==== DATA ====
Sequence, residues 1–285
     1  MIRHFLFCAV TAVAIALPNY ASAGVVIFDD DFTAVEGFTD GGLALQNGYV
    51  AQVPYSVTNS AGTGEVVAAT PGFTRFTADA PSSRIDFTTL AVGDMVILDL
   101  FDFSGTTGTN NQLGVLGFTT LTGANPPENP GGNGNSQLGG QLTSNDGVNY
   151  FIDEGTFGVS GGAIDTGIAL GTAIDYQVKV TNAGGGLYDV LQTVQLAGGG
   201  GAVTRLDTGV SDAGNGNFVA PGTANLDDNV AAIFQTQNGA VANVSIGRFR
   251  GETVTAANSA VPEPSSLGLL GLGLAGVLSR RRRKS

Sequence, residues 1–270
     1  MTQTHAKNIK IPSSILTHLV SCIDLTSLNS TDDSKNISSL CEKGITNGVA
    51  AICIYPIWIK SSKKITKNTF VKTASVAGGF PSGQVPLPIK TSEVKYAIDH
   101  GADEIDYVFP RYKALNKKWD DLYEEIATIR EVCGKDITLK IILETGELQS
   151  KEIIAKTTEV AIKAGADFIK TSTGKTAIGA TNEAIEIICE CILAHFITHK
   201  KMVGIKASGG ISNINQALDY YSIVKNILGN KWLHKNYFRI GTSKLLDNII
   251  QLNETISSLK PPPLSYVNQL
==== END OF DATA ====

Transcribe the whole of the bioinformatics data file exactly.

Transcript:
Sequence, residues 1–285
     1  MIRHFLFCAV TAVAIALPNY ASAGVVIFDD DFTAVEGFTD GGLALQNGYV
    51  AQVPYSVTNS AGTGEVVAAT PGFTRFTADA PSSRIDFTTL AVGDMVILDL
   101  FDFSGTTGTN NQLGVLGFTT LTGANPPENP GGNGNSQLGG QLTSNDGVNY
   151  FIDEGTFGVS GGAIDTGIAL GTAIDYQVKV TNAGGGLYDV LQTVQLAGGG
   201  GAVTRLDTGV SDAGNGNFVA PGTANLDDNV AAIFQTQNGA VANVSIGRFR
   251  GETVTAANSA VPEPSSLGLL GLGLAGVLSR RRRKS

Sequence, residues 1–270
     1  MTQTHAKNIK IPSSILTHLV SCIDLTSLNS TDDSKNISSL CEKGITNGVA
    51  AICIYPIWIK SSKKITKNTF VKTASVAGGF PSGQVPLPIK TSEVKYAIDH
   101  GADEIDYVFP RYKALNKKWD DLYEEIATIR EVCGKDITLK IILETGELQS
   151  KEIIAKTTEV AIKAGADFIK TSTGKTAIGA TNEAIEIICE CILAHFITHK
   201  KMVGIKASGG ISNINQALDY YSIVKNILGN KWLHKNYFRI GTSKLLDNII
   251  QLNETISSLK PPPLSYVNQL